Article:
My Mediterranean Living Top 5


It’s been nearly a year since I packed up my books and moved to a small island in the Mediterranean.

It was a goal I set 8 years before, after reading Lawrence Durrell and island hopping the Adriatic. I was attracted to something in the landscape: those dry stony islands, the wind in the olive trees, the quality of light, and the pure clarity of Poseidon’s translucent domain. It took me 8 long years to alter the course of my life enough to make that goal a reality. But I didn’t waver. And one year ago I hopped a flight to a country I’d never been to, and spent a few days searching for a rental house. Three weeks after that I left Canada for good.

It isn’t the first time I’ve changed countries or even continents on a whim. And as in any expat life, I expected to find a lot of good along with some bad.

I thought I’d take a moment to share with you the best and the worst things about this island life.

Five Things I Love About Living on an Island in the Mediterranean

1) The climate

It’s early March, and I’m reading on my roof deck in just a pair of shorts. It was like that right until mid-December. And the rainy winter only lasted a couple months. Sure, these old stone houses get cold as a crypt. But they’re made for the heat. That’s what I get most of the year. In summer it doesn’t rain at all. I look up from my courtyard to see day after day of clear blue sky. And I’ve got a permanent tan.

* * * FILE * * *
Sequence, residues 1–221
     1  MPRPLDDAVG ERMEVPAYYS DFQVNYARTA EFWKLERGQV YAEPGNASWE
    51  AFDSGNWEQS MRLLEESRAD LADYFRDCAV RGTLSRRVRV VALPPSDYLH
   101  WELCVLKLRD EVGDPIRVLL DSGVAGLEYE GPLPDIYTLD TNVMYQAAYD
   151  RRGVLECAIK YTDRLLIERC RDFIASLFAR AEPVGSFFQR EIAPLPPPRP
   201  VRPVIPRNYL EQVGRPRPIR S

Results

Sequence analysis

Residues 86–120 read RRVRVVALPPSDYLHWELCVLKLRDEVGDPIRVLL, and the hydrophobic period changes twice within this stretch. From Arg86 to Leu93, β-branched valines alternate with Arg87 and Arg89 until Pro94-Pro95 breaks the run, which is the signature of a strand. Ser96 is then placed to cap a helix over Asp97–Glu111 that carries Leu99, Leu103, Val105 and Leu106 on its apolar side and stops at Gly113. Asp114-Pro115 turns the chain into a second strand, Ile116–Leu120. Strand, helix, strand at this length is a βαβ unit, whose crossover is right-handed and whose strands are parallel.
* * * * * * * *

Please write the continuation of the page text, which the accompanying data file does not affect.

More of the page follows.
2) The sea

There’s an incredible sheltered cove just 5 minutes away; the perfect place for a swim. There are cafe’s where I can sit and drink coffee or an aperitif and watch the swell of the wine dark sea. There are the shifting winds that dictate the weather, each with its own name and story. There are yachts and sailboats passing through, freighters from far off lands, and ferries that journey to closer places.

The sea permeates every aspect of life here. Just as it always has.

3) History and Myth

This part of the world is the source of so many of our myths, and the site of so many historical events. Ulysses sailed here. The Phoenicians roamed the waves. Crusaders built fortifications and shaped the villages and towns. And prehistoric man even left his mark in the form of ancient temples that pre-date Stonehenge. I love reading about these times and then going out to walk through scenes where history played itself out. And I love living in a 400 year old house, surrounded by antiques, with a courtyard and roof deck and old stone walls that inspire me to write.

4) Location

While getting off an island means flying or taking a boat, this is an ideal location for flights throughout Europe and the Middle East. And it’s a great jumping off point for Africa. For a travel writer, it’s tough to find a better base that combines access to new experiences with the ideal climate and landscape for reading and work.

5) The Food